How the lack of public benches makes traffic worse - Mobility Lab

Last week I had surgery: I donated my bone marrow to a little boy with leukemia, thanks to Be the Match. I would do the surgery again in a heartbeat if it meant giving somebody a second chance at life.

My only difficulty is that I can’t walk or stand for as long as I used to until my bone marrow regenerates, which will take about two more weeks.

As someone whose primary transportation mode is walking, this has been a problem. Luckily for me, Be the Match is reimbursing my Uber rides to and from work because my nearest bus stop is a 15-minute walk away, and there’s no bench for me to sit on while I wait.

But most people who have temporary or chronic difficulty walking or standing don’t have Be the Match paying their transportation bills. They have to rely on public transportation, and they need benches.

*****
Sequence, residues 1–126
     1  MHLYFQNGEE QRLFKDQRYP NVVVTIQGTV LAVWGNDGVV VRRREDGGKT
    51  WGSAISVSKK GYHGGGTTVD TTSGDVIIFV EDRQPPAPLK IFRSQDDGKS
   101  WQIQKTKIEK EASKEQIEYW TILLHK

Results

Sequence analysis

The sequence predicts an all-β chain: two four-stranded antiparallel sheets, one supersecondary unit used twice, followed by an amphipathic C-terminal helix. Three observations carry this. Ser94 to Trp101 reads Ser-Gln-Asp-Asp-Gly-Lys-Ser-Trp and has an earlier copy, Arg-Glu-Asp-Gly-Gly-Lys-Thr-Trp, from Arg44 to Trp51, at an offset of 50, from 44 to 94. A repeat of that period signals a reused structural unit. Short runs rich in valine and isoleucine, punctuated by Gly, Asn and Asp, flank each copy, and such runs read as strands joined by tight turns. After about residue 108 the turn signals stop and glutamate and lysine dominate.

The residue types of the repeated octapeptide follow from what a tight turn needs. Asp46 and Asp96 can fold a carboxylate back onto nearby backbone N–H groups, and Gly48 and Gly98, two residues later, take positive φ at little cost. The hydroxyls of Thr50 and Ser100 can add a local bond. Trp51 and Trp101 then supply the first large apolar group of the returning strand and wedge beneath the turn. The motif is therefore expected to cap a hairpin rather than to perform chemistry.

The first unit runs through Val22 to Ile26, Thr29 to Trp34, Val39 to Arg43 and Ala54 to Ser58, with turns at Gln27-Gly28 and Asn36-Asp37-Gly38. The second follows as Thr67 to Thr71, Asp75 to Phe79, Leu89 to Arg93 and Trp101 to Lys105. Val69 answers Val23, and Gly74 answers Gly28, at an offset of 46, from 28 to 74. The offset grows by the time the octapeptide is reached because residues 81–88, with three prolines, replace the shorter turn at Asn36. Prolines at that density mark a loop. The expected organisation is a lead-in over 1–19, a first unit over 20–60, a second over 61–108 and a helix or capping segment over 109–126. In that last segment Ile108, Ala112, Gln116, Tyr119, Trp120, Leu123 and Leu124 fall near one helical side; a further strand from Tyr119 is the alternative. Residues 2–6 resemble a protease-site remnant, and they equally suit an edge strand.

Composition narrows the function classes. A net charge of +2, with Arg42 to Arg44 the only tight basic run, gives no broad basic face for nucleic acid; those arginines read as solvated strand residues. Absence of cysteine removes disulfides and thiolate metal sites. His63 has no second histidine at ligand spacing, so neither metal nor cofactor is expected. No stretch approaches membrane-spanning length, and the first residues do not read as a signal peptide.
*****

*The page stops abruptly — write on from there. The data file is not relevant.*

However, the Americans with Disability Act does not require transit agencies to provide benches at bus stops. Accordingly, not many do. Transit agencies are understandably more concerned with meeting the provisions that the ADA does require, like installing curb cuts for people using wheelchairs. (In some cities, as many as half of bus stops are not ADA compliant.)

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